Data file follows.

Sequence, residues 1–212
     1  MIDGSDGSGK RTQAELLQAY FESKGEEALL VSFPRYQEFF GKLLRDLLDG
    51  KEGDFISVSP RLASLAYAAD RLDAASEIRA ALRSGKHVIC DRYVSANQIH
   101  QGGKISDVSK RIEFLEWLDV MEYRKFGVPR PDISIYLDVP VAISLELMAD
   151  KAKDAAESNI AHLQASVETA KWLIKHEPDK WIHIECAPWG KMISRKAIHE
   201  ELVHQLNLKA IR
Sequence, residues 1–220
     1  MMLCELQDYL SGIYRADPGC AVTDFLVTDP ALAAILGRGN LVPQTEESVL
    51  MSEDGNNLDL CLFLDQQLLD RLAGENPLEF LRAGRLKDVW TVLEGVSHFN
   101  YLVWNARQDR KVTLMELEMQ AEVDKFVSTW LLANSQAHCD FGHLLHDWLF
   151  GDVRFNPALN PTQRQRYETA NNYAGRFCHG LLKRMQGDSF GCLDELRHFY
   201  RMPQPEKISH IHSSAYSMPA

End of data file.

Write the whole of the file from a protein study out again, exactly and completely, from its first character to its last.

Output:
Sequence, residues 1–212
     1  MIDGSDGSGK RTQAELLQAY FESKGEEALL VSFPRYQEFF GKLLRDLLDG
    51  KEGDFISVSP RLASLAYAAD RLDAASEIRA ALRSGKHVIC DRYVSANQIH
   101  QGGKISDVSK RIEFLEWLDV MEYRKFGVPR PDISIYLDVP VAISLELMAD
   151  KAKDAAESNI AHLQASVETA KWLIKHEPDK WIHIECAPWG KMISRKAIHE
   201  ELVHQLNLKA IR
Sequence, residues 1–220
     1  MMLCELQDYL SGIYRADPGC AVTDFLVTDP ALAAILGRGN LVPQTEESVL
    51  MSEDGNNLDL CLFLDQQLLD RLAGENPLEF LRAGRLKDVW TVLEGVSHFN
   101  YLVWNARQDR KVTLMELEMQ AEVDKFVSTW LLANSQAHCD FGHLLHDWLF
   151  GDVRFNPALN PTQRQRYETA NNYAGRFCHG LLKRMQGDSF GCLDELRHFY
   201  RMPQPEKISH IHSSAYSMPA